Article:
Cross of Corn is a contributing writer on Leavenworth St.
You may have heard some rumblings of a so-called “Net Neutrality Day of Action” this week featuring some of your favorite websites. The so-called on-line protest is supported by lefties like NARAL, The Nation, MoveOn.org and BoldProgressives.org. In today’s era of Fake News, here’s what’s really going on and what this is all about:
What is Net Neutrality?
This is the policy term that essentially means all internet users, stakeholders, and their online activity and content should be treated fairly and equally. Internet service providers (ISPs) should not be allowed to interfere with the data crossing their networks and the rules of the internet should ensure an open and dynamic platform for all. Basically, everyone and their dog (even Sen. Ted Cruz’s dog Snowflake) supports net neutrality.
So, what’s the problem?
The net has been neutral and thriving since its creation—but I don’t have to tell you that. Our society enjoys the boon of technological and life-improving advances enabled by the internet (without my weather app, I’d have to go OUTSIDE to check the rain gauge so I would have something to talk about over coffee at the Farmers Co-op). For years, a bipartisan slew of lawmakers and regulators in Washington, D.C. advanced policies that enabled unfettered access without stunting the growth of the internet, allowing networks to expand and connect more communities and help get more folks online.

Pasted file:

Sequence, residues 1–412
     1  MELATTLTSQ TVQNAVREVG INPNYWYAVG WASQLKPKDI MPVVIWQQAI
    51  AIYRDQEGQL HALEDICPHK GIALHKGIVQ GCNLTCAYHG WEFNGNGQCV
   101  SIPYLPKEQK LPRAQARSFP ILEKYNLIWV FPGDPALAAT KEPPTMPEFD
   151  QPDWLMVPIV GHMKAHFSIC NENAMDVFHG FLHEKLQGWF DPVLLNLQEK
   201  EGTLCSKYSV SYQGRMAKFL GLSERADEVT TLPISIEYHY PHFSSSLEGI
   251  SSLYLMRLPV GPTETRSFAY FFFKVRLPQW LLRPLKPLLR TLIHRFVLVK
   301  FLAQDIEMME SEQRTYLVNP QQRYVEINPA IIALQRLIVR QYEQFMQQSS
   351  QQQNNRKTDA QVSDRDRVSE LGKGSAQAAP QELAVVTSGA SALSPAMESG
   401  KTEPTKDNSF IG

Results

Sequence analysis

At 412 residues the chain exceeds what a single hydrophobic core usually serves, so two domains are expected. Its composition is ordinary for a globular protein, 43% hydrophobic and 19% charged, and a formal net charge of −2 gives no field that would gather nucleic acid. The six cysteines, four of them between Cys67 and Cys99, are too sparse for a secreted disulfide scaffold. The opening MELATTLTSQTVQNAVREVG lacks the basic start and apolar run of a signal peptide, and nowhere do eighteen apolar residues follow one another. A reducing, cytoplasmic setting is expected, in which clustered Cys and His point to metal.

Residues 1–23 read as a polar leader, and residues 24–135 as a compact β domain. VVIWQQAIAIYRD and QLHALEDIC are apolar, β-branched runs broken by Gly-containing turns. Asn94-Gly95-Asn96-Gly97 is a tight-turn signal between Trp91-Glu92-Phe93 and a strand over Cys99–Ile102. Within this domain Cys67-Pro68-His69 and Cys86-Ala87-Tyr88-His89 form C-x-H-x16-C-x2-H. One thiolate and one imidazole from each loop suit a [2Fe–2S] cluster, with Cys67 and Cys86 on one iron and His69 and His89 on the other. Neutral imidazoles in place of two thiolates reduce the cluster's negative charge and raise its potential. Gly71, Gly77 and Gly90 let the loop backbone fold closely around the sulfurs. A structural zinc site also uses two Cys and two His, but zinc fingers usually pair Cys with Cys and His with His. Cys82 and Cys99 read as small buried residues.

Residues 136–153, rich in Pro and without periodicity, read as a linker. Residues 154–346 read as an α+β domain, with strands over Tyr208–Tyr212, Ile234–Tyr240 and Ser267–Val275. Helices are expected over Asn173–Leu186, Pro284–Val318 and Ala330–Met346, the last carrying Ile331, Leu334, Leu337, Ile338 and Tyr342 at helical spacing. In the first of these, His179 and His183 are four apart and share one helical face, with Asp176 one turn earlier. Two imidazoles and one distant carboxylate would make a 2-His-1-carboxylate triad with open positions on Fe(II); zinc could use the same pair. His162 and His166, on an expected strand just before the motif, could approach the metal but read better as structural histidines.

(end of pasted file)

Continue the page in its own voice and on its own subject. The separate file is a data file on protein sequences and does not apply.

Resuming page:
Fast-forward to 2015: the Obama Administration reversed decades of that successful policy by applying highly controversial and much more restrictive public utility regulations, also known as Title II, on the internet. Created to regulate the telephone industry of the 1930s, these utility regulations make it more difficult for internet companies to invest in growing their networks and focus on the development of new products and services (think Elizabeth Warren regulating your internet). Essentially, an unprecedented step in the wrong direction.
The Obama Administration conflated Title II with net neutrality, arguing that one could not exist without the other—despite the fact that it had, for decades.
What’s the solution?
It’s possible to secure an open internet without this silly attempt by progressives to over-regulate the internet. Those behind this Day of Action know this. For some, it’s about cronyism. For others, it’s about government control.
Rather than letting the FCC continue to play ping-pong with this issue with each changing Administration, Congress needs to step in and find a permanent legislative solution. One that protects the essential principles of an open internet while removing the overarching Title II-public utility regulations imposed by Obama-era regulators. Nebraska’s delegation appears solid on this issue, but the rest of the 530 voting members of the House and Senate need to support legislative action that creates lasting, commonsense policy that returns the internet to the approach that garnered extraordinary success and innovation. That should be our call to action.
Leavenworth St. is aware of the current slow page-loading issues.
We’re working on it.